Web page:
The Constitution of Objective Cognition between Epistemology and Psychology
The main aim of this book is to provide a critical and historical inquiry into Kant’s schematism chapter contained in the Critique of Pure Reason. More specifically, the book argues that Kant’s schematism chapter is a necessary step within the project of the Critique. It deals with a problem of its own, one which is not the object of the previous chapters: How can categories be applied to intuitions? The author shows that the term ‘schema’ has an interesting and long tradition of different philosophical uses that finds in the works of Kant a point of no-return. In the philosophical works written before Kant, the notion of schema did not have a specific and distinctive meaning and function of its own but was rather used in different contexts (from rhetoric to logic to psychology). After Kant, all philosophers who speak of schemata refer in one way or another back to Kant’s distinctive notion, which possesses a specific, epistemic meaning. Moreover, this book aims to provide a contribution to the understanding of the relation between philosophy and the sciences. It is by means of demonstrating the importance of the schematism chapter not only within the Critique but also from a broader perspective, deriving from the fact that Kant’s doctrine of schemata had an impressive influence not only on philosophers but also on psychologists.
3.Kant’s notion of a schema in twentieth-century psychology
Among the literature on Kant and psychological studies and cognitive sciences, there is no entire monograph devoted exclusively to schematism, rather there are general works on Kant and functionalism (Sellars 1970; Dennett 1978; Meerbote 1989; Powell 1990) or on Kant and the cognitive sciences (Marshall 1995; Clapin 1999). In his Kant and Cognitive Science Andrew Brook regards Kant as a precursor to cognitive scientists:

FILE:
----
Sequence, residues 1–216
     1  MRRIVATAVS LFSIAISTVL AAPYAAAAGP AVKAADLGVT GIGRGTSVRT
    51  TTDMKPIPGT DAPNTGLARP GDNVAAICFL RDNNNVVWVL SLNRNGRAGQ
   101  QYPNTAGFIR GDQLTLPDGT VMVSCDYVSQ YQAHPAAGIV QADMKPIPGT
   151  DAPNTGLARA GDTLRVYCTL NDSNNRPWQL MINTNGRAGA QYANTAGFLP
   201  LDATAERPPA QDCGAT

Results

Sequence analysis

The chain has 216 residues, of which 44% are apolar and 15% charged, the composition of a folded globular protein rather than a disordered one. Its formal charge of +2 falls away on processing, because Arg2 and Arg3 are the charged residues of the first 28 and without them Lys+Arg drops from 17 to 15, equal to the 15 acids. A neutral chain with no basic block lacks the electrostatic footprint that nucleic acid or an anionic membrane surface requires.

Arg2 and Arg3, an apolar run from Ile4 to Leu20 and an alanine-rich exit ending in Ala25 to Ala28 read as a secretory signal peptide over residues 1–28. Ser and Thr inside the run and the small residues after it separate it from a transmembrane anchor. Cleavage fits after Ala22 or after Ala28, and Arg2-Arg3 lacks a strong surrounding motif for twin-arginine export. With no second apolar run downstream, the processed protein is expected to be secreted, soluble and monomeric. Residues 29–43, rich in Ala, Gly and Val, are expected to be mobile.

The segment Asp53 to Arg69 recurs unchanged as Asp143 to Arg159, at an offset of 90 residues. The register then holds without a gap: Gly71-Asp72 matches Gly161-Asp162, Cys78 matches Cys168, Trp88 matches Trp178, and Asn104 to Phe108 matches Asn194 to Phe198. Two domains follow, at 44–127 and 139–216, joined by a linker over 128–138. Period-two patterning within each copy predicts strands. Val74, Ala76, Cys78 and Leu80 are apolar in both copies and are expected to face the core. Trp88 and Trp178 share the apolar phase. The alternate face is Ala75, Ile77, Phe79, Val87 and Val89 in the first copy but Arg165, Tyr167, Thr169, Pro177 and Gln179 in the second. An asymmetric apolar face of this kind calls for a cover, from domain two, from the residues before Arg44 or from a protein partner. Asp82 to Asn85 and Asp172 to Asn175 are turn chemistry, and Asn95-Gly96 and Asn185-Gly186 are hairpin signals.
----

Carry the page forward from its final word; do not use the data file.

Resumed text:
“Unlike the [philosophical] tradition but like contemporary cognitive science, he simply took it for granted that we have knowledge: a priori knowledge about conceptual structures and perceptual knowledge of the world of space and time.” (Brook 2003, p. 136)
And Sandra P. Marshall points out:
“The term schema has a long and rich background. Both the word and the concept it reflects are prominent in the writings of the ancient Greek philosophers. It permeates the philosophy of Immanuel Kant, It guided the research of many early psychologists, and now it has a place in cognitive science. As one might expect, schema has not carried exactly the same connotations over this long period of usage, although there are important continuities.” (Marshall 1995, p. 3)
However, excluding Marshall’s introductory chapter, these works are mainly interested in interpreting Kant as a precursor to cognitive scientists, rather than in analysing historically the influence of Kant on particular authors.
In the following sections I will give a general introduction regarding contemporary schema theories in cognitive psychology and their pioneer,...
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